The country is poised to roll back decades of progress on gay and women’s rights in order to placate a radical far-right religious agenda. And the unlikely vehicle for this reactionary movement is Donald Trump.
I suppose I’m addressing here the moderates, independents, and libertarians who don’t care what consenting adults do behind closed doors, the non-religious or non-Christian voters who don’t want their children’s education or daughter’s health to be circumscribed by what’s in the Bible, or anyone who recoiled at the revival tent campaigns of, say, Ted Cruz or Mike Huckabee.
I imagine many such voters taking comfort in the fact that, far from representing some 21st century reboot of the Great Awakening, Trump comes across as an emissary of profane, urban pragmatism. After all, he is on record supporting a woman’s right to a legal abortion, defending marriage equality, and shrugging off any problems he might have with transgender people in public bathrooms.
On the campaign trail, Trump was a secular totem of material wealth, a brashly irreligious candidate compared to the Republican contenders who made their Christian faith cornerstones of their campaigns. Bobby Jindal signed off one debate by proclaiming, “As Christians we believe that the tomb is empty,” while Trump started one by bragging about the size of his penis. “Were your treasures stored up on Earth or in heaven?” Marco Rubio asked in one of his campaign ads; Trump’s implied response, which he issued at basically every rally, was, “I’m really rich.”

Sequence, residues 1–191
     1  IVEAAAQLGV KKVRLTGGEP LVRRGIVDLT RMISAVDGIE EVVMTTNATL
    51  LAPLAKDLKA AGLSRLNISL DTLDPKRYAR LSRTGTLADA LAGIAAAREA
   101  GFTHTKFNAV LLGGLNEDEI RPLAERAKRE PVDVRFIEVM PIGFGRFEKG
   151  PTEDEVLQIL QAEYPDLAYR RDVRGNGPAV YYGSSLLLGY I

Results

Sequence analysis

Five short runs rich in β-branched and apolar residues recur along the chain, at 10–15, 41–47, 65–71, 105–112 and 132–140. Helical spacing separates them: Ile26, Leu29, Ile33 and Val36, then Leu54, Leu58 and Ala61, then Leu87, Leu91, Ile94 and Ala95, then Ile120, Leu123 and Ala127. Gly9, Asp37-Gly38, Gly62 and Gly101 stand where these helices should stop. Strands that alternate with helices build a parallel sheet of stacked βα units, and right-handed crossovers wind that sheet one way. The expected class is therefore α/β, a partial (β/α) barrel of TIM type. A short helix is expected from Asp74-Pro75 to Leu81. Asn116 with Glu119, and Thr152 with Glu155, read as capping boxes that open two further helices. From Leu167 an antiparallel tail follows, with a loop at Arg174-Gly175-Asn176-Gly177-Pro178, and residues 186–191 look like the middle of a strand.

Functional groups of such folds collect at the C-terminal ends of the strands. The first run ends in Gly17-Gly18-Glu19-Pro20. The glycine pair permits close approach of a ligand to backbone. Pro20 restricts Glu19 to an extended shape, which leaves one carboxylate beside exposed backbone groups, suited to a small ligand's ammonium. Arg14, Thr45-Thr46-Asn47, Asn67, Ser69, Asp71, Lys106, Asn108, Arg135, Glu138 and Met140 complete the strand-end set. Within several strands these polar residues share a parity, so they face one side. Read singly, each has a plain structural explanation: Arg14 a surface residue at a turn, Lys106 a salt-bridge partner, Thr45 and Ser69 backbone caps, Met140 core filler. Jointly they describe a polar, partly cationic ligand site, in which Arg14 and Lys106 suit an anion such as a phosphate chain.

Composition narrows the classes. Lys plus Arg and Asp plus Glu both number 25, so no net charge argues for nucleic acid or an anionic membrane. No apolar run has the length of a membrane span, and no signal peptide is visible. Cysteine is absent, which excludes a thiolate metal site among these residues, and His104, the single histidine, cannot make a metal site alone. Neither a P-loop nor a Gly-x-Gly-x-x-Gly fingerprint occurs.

His pandering to evangelicals during the primary was transparent, cynical, and vacuous. His floundering attempt to be perceived as tough on abortion led him to make statements so outrageous and misinformed that even pro-life conservatives said he’d gone too far. He boasted that the Bible was his favorite book, but couldn’t name his favorite part. He stood at a podium at the Baptist Liberty University and said “Two Corinthians” (and subsequently blamed an evangelical for his flub).
So I agree that, at first glance, Trump would seem to be a most unlikely inheritor of the Moral Majority mantle and perhaps the last person to usher in an age of Handmaid’s Tale-esque American theocracy. And yet, in Trump, the radical Religious Right has found an ideological vacuum that they have enthusiastically filled in exchange for their support in November.
“Trump managed to win the primary without a lot of support from Religious Right leaders, but he knows that he needs their help to overcome some evangelicals’ doubts about him and get the kind of turnout he needs from this crucial part of the Republican base,” said Peter Montgomery, senior fellow at People For the American Way.
Perhaps making up for lost time, Trump has spent the weeks since securing his party’s nomination assiduously courting the support of the Religious Right. This included genuflecting to such luminaries of conservative Christian activism as Tony Perkins, president of the Family Research Council, and Jerry Falwell Jr., who was one of the first evangelicals to hitch his wagon to the Trump train. (Perkins, like many evangelicals, backed Cruz in the primary.)
With Trump’s tacit blessing, the Republican platform became the most socially conservative it has ever been in its history. It is replete with uniquely strident language opposed to LGBT rights. The platform specifically includes a pledge to countermand the recent Supreme Court decisions enshrining marriage equality, namely U.S. v. Windsor, which struck down the federal Defense of Marriage Act in 2013, and Obergefell v. Hodges, which held in 2015 that bans on same-sex marriage were unconstitutional. Furthermore, in his role as a Republican delegate, Perkins added provisions endorsing parents’ right to use discredited conversion therapies on their children to “cure” them of being LGBT.